One of my favorite photo sessions was when I photographed Josie wearing a different dress of mine because it is me from start to finish: I made the dress. I shot the photo. And it was taken at my husband’s restaurant, The Conserva. I was being featured on Detroit Performs, a show on PBS and they wanted to capture me doing a photoshoot. I was so happy with the photos that I used them in an exhibit at U of M that was about alumni.
I’m really digging my latest jewelry creations too because I had been trying to figure out ways to incorporate the auto material in my jewelry and I finally did. I’ve been doing big statement neck pieces and some long, almost tribal influenced necklaces and either using the material as a bit of tassle or sewing it into shapes. Another favorite jewelry piece I made was with a 3D printer for the last Charity Preview dress. The engineers at Inteva shrunk down automotive gears and door handles and then I made jewelry out of them. For the necklace I made my own rivets out of sterling silver and used them to attach the 3D printed piece to a salvaged pocket watch part.
5. What do you envision is the future of the fashion design community in Detroit? What are your future plans?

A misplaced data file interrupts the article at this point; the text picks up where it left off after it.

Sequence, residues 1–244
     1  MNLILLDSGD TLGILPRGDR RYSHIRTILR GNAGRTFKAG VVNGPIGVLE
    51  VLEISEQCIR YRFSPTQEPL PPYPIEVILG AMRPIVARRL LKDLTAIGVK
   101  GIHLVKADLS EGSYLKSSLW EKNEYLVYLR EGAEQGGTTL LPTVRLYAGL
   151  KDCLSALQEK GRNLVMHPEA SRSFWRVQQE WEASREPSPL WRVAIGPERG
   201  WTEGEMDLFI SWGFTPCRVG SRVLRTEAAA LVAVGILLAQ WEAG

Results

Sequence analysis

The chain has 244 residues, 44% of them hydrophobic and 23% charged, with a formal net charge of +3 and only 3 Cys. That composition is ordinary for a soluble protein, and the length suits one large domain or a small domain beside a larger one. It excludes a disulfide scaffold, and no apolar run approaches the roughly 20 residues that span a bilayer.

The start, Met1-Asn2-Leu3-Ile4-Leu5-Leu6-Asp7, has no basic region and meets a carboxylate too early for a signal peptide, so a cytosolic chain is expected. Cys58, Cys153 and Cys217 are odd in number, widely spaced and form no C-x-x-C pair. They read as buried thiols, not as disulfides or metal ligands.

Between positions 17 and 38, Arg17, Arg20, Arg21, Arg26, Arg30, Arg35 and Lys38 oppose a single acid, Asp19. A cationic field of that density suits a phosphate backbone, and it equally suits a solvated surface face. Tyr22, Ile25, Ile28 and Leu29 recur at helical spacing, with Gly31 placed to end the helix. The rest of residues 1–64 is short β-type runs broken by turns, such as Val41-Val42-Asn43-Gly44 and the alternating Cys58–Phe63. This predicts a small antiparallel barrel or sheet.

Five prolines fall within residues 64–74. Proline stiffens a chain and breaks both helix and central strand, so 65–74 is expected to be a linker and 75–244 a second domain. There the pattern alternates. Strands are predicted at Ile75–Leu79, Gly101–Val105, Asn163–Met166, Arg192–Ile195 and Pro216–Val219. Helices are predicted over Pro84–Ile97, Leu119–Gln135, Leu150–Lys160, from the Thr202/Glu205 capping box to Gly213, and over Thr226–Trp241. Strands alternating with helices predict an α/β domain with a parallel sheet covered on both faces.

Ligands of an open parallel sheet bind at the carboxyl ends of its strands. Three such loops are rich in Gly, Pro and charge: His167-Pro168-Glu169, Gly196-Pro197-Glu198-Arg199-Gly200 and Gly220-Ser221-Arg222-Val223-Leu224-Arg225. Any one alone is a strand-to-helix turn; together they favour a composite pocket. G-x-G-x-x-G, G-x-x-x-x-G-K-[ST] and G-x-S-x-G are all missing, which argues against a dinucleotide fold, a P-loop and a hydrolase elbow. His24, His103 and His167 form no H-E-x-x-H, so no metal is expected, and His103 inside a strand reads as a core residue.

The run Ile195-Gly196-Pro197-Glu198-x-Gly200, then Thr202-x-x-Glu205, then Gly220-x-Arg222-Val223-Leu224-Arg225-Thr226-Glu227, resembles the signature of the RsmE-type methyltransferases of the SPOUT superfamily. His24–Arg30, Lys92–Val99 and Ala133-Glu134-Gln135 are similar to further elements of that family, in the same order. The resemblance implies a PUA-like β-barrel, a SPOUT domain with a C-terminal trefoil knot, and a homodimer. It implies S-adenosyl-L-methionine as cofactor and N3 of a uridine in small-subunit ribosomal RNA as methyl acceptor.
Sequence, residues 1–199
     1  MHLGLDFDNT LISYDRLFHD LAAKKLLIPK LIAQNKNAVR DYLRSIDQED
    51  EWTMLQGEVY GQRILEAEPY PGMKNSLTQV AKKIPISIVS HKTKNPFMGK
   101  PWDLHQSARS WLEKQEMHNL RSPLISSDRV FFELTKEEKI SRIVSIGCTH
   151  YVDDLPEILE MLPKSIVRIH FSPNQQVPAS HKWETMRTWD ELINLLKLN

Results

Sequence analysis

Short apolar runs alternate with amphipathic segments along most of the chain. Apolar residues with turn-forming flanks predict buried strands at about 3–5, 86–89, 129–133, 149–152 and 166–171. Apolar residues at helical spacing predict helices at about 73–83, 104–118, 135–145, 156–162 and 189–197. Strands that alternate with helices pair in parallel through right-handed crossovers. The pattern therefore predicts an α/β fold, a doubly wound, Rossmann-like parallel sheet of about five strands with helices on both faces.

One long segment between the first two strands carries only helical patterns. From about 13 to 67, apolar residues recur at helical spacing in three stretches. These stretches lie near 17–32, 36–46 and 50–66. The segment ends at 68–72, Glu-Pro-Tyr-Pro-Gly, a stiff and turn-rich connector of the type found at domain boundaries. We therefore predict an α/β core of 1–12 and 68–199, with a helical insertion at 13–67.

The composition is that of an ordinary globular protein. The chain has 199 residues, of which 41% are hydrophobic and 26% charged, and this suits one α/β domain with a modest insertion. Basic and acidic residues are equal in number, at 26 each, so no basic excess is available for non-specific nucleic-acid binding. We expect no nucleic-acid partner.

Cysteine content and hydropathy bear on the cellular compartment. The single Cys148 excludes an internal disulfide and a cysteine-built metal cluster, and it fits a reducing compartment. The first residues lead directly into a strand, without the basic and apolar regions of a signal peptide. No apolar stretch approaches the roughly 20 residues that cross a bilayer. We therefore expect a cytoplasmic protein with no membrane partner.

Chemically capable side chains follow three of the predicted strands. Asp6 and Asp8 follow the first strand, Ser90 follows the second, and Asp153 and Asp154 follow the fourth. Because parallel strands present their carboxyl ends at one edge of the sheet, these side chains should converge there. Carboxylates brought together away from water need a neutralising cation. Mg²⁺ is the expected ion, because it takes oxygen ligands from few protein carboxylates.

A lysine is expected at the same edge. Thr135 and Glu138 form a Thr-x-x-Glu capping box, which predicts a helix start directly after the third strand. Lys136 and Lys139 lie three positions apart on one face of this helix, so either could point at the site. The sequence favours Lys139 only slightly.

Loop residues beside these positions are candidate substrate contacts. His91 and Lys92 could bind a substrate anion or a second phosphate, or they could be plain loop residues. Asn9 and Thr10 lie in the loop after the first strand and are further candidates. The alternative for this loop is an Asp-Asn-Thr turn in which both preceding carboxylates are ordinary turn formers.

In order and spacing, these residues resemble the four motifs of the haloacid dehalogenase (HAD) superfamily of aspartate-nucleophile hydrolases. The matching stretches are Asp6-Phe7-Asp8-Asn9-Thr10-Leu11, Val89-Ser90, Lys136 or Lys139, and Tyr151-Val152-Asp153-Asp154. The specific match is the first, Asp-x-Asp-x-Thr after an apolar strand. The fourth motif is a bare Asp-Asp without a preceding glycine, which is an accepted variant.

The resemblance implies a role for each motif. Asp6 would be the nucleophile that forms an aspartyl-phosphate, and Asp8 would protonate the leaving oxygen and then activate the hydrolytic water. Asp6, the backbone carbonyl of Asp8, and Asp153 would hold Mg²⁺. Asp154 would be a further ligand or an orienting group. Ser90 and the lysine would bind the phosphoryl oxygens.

It’s exciting to see fashion taking off in Detroit. I think the world is starting to pay attention to the fashion presence here.
I recently designed and made a dress for Ann Delisi to wear when she hosted the Concert of Colors with Don Was. I realized that I might have a niche with musicians and I plan on making more neck pieces similar to the one I made for her and also making fashion for men too. I am thinking about doing some men’s vests and cuffs.
Extra Credit: If you could design clothing for any well-known Detroiter, living or not, who would it be and why?
I’d love to make a really elegant gown out of the automotive material for Kristen Bell to wear to an event. I think it would be great to see her repping Detroit by wearing a Detroit designer and the automotive material. I just love Kristen and I think she is hilarious and I really respect her as a human being. I would also love to make something for Don Was and Iggy Pop!
To see more of Janna’s work and find out more about Lilacpop studio, visit her website.